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The last days of the celluloid era began with Australia's initial competitive engagement of their Glasgow Commonwealth Games on Thursday.
The women's table tennis team of Melissa Tapper, Zhenhua Dederko and Miao Miao created the last batch of celluloid ping-pong balls dip, swing and spin in a brisk dismissal of their opponents from top ping pong paddle.

Celluloid's substitute with newer plastic materials on September 1 may have an unknown effect on the behaviour of the table tennis ball. There are dire predictions that the new one-piece ball will bounce too high and spin too little. But the sport has shown an NRL-like willingness to dicky with its rules to compensate for inequities and make the game more attractive. At these Commonwealth Games, there is no hiding balls in the hand while working out, no speed-gluing of all racquets, and the collections are played to 11 rather than the conventional 21.

In other respects, the elite players in Glasgow's Scotstoun Sports Complex have it easy compared with the home ping-pong artist. The players usually do not discover halfway through a match the ball is broken and there aren't any unbroken ones left from the box. There are no limitations as a result of garage wall being too near the end of the table. There's no hindrance rule as a result of balls hitting the ceiling.

The internet heights are just measured and don't sag or require a pencil to prevent them from doing this. The tables are not bloated in patches where damp has got under the surface, and do they have the rogue "dead spots" well-known into the national player. There is not any fighting over who receives the dodgy racquet, and no throwing of racquets at each other following a disputed call. Even though the stakes are substantially high, Commonwealth Games table tennis is a very civilised affair in contrast with all the amateur game.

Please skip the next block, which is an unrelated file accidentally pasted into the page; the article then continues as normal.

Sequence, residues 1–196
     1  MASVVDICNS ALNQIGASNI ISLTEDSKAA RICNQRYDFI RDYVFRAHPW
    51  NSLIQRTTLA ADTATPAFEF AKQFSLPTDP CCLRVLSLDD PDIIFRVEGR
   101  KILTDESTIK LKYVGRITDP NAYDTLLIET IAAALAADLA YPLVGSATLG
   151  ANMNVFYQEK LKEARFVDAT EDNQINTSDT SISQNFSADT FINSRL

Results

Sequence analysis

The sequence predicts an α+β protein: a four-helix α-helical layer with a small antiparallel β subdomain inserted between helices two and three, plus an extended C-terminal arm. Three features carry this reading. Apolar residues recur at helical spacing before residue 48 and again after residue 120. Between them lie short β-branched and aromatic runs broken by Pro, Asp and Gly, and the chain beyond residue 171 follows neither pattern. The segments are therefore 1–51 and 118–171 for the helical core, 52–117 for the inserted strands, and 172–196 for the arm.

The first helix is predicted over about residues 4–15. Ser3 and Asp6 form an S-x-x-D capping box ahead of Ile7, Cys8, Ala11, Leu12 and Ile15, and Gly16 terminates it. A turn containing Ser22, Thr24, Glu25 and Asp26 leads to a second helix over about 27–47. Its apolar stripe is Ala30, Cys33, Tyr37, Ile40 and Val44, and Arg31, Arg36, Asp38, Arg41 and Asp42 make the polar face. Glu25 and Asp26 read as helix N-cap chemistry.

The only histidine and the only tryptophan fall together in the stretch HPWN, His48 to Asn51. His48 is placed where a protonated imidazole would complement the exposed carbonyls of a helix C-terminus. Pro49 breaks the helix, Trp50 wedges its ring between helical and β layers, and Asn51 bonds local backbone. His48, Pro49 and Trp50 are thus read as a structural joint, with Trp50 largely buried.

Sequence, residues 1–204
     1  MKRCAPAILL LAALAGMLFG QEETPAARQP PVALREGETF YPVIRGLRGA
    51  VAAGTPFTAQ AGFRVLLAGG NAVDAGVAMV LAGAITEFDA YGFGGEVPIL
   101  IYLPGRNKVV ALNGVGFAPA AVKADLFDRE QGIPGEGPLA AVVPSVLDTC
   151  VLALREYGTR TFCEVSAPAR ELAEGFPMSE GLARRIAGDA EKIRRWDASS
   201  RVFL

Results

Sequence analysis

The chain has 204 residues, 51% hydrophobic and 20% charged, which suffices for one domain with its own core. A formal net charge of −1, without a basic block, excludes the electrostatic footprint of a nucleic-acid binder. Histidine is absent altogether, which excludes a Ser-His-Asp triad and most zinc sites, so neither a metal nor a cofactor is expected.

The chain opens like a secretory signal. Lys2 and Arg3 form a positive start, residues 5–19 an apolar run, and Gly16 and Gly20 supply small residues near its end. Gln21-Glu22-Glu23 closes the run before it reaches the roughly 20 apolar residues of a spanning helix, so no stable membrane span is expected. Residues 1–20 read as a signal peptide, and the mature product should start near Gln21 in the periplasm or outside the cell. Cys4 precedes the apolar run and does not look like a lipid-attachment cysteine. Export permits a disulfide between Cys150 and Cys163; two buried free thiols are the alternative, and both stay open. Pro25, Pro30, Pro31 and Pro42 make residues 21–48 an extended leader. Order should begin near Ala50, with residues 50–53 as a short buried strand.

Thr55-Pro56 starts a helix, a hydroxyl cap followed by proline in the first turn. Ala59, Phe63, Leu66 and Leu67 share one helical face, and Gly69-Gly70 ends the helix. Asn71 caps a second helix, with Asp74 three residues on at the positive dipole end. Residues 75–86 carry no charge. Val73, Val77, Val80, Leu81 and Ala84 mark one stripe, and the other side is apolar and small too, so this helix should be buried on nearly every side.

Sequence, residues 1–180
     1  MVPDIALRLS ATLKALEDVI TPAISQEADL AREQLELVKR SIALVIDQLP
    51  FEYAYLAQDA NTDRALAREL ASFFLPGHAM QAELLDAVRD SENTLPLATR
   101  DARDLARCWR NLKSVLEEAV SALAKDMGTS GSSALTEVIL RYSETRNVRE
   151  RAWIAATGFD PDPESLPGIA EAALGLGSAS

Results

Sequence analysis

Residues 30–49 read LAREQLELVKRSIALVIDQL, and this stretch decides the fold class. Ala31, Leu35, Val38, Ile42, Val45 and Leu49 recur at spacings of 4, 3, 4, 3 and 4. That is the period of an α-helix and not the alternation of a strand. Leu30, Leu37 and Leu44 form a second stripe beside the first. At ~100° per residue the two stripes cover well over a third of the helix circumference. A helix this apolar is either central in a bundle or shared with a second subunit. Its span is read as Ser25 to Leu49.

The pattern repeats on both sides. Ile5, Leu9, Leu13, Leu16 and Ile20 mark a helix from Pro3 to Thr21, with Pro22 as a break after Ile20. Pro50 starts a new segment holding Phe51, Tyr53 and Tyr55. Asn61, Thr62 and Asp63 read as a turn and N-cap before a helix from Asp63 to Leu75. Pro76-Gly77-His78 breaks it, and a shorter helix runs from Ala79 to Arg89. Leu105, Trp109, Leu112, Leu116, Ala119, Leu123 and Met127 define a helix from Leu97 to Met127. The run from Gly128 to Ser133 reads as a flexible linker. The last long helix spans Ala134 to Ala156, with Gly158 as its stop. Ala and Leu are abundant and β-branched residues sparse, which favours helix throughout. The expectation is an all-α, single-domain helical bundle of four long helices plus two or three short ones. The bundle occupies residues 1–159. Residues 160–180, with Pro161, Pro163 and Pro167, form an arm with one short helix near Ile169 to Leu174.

Guyana's female table tennis output has not proved so glistening as its cricket ping pong table review. Guyanese sporting goods, such as Clive Lloyd, Rohan Kanhai, Roy Fredericks, Alvin Kallicharran, Lance Gibbs and Colin Croft, once struck fear into Australian hearts. Nevertheless, Trenace Lowe, from Georgetown, made Tapper fight hard to win the opening game 11-5, 17-15, 11-7.

Tapper, 24, a course 10 para-athlete because of neural injury from Erb's palsy in her right arm, aims to become Australia's first representative in Paralympic and Olympic Games, which she will do if she qualifies for Rio in 2 decades' time. Australia's answer to Oscar Pistorius - in this regard if no other - Tapper, who plays left-handed and has limited mobility on her right side, performed well at the London Paralympics in 2012 and has her eye on a medal here.

Dederko, 36, and Miao, 33, Chinese-born specialists of Australian table tennis, made quick work of their opponents. Dederko beat Natalie Cummings 11-3, 11-3, 11-7 until she teamed with Miao to conquer Cummings and 17-year-old Chelsea Edghill at a match that lasted nine minutes. The match was completed in great spirits and no parents needed to step in to settle things down. A few of the balls seemed to bounce a little funny, but that is the beauty of celluloid.

=> Choose the best ping pong table: https://medium.com/@conghieu4690/best-ping-pong-tables-1d5067cc180

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Hi @davestephans,

Just a quick question, what is the exact resolutions you are testing on? It's working on resolutions lower than the max one you specified, right?

Because, going over this "if":

if((GAME_MAX_WIDTH/windowWidth) > (GAME_MAX_HEIGHT/windowHeight))
  scaleFactor = (windowWidth / GAME_MAX_WIDTH);        
  scaleFactor = (windowHeight / GAME_MAX_HEIGHT);

If you are testing on resolution 1920x1080, then the "scaleFactor" will always be set to 1, and therefore you would be calling:

mainGame.scale.setUserScale(1, 1);

Which wouldn't actually resize the screen. Would that be the case?

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